Texas Astronomers Discuss Weighing Heaviest Known Black Hole; Reporters May Participate Remotely in Live Webcast from Seattle
Jan. 11, 2011
Event: University of Texas at Austin Astronomy Professor Karl Gebhardt and graduate student Jeremy Murphy will give a press briefing live from the 217th meeting of the American Astronomical Society (AAS) in Seattle, describing how they weighed the heaviest known nearby black hole using a telescope at the university's McDonald Observatory and the giant Gemini North telescope in Hawaii. The university will issue a press release and graphics (including video, an artist's concept of the black hole and photos) at the start of the press conference.
The Texas astronomers' briefing will be followed by two others containing news on black holes. Reporters on-site and those watching via webcast may ask questions.
When: 4:30 p.m. CST, Wednesday, Jan. 12
Instructions: The site for the press conference webcast is: http://aas.org/press/press_conferences
Password (for journalists only): E-mail AAS Press Officer Dr. Rick Fienberg for the password.
Once the webcast window opens, press the Play (>) button. Next, press the Open Chat Window button. You will be asked to enter your name; use your first and last name. The chat window can be resized and moved to a convenient location on your screen. To ask a question, type it into the input box near the bottom of the chat window and click the Send button.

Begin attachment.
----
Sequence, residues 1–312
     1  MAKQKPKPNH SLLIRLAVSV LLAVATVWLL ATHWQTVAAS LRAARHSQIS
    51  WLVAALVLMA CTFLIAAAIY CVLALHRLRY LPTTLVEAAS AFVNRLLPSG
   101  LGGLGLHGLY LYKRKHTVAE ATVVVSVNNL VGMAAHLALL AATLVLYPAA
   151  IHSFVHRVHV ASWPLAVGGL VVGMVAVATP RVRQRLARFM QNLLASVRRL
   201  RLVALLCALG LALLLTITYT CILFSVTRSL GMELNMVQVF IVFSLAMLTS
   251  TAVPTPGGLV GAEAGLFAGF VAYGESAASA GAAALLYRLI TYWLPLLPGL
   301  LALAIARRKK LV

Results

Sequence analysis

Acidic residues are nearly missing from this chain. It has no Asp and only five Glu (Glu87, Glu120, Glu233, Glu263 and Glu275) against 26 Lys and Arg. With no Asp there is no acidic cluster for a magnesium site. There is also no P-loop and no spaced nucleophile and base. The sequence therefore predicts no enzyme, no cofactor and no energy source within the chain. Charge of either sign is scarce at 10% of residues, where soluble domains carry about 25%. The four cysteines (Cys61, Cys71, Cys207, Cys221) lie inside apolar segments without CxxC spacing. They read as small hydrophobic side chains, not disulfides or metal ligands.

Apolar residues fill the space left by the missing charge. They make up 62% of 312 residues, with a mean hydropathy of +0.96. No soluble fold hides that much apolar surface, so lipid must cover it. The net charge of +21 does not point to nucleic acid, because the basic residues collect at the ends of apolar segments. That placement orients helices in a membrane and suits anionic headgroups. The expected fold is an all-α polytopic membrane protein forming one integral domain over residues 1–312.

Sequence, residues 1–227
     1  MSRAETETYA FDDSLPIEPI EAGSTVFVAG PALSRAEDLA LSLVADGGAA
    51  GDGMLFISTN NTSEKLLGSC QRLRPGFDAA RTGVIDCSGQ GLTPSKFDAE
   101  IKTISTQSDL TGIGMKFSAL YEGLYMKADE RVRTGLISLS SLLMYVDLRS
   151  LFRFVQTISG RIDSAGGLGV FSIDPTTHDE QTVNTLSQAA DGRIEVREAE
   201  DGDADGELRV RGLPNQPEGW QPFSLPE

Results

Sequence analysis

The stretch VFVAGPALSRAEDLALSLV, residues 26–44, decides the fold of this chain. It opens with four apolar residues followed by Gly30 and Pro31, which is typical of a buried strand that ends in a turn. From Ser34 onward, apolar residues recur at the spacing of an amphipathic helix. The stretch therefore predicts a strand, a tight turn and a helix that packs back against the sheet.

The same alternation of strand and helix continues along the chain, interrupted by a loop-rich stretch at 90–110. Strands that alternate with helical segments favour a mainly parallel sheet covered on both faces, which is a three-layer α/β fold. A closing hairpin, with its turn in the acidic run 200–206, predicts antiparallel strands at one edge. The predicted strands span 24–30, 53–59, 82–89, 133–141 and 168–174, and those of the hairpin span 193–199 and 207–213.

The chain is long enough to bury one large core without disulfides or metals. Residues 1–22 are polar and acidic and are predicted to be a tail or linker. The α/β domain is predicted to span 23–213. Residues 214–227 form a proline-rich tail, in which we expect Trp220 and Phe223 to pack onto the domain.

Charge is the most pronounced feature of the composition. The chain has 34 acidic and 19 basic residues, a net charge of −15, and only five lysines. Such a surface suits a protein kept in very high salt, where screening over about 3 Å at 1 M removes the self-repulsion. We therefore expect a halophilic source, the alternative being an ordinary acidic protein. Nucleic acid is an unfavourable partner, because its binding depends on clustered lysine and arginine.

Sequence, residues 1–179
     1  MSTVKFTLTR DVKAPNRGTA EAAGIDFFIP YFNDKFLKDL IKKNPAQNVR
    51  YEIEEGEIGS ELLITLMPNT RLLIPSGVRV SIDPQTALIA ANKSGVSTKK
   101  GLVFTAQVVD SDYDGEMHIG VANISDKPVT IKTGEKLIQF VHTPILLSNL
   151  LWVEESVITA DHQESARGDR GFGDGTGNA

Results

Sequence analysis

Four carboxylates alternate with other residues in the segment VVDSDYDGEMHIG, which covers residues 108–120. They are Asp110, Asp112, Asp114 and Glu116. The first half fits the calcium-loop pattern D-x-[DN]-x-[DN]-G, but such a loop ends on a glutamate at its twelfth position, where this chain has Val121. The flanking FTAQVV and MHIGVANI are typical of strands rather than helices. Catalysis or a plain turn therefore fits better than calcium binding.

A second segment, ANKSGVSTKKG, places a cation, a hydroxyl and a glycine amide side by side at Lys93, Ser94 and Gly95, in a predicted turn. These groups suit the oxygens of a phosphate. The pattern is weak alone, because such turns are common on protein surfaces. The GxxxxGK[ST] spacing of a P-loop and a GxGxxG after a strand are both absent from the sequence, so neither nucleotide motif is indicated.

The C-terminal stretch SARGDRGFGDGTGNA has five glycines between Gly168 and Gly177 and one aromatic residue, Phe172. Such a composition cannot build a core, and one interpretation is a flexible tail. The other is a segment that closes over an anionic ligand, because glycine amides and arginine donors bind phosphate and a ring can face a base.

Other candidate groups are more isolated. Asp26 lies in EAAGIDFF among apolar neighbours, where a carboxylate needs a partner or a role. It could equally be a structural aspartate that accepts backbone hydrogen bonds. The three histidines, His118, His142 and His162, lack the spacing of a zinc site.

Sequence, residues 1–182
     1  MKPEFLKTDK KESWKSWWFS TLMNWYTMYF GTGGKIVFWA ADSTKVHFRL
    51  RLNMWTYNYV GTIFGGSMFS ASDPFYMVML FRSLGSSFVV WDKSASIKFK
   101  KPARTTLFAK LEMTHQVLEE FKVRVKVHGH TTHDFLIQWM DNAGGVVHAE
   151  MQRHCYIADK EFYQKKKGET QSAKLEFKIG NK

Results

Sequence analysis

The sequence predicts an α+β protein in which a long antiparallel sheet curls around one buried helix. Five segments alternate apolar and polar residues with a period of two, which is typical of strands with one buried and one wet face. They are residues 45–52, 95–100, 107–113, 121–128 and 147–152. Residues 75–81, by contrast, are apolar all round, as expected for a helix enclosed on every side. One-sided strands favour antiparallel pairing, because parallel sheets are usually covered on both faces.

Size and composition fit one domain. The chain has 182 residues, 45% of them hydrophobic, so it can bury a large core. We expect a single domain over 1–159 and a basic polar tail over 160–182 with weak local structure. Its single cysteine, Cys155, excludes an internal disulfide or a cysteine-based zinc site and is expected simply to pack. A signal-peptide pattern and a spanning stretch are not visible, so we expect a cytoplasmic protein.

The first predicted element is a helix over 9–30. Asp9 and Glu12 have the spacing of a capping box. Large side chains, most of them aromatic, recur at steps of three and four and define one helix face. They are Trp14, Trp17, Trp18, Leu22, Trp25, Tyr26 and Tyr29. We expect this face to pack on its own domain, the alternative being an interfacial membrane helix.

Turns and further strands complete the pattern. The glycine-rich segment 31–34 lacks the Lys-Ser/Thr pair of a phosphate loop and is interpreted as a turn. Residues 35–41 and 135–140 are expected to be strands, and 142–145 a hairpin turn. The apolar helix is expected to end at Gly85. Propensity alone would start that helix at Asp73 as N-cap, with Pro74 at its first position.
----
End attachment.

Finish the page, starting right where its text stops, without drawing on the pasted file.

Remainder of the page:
The event organizers do not guarantee all questions received from webcast viewers will be asked aloud. This will depend on time constraints and the volume of questions from on-site reporters.
Notes: Make sure your pop-up blocker is disabled or that it allows pop-ups from aas.org. You must have a high-speed (broadband) Internet connection to watch and listen because the webcast includes audio, video and PowerPoint slides. You must also have the free Adobe Flash plug-in installed on your computer to view the webcast. A free download of Flash is available.
For more information, contact: Rebecca Johnson, McDonald Observatory, College of Natural Sciences, 512 475 6763.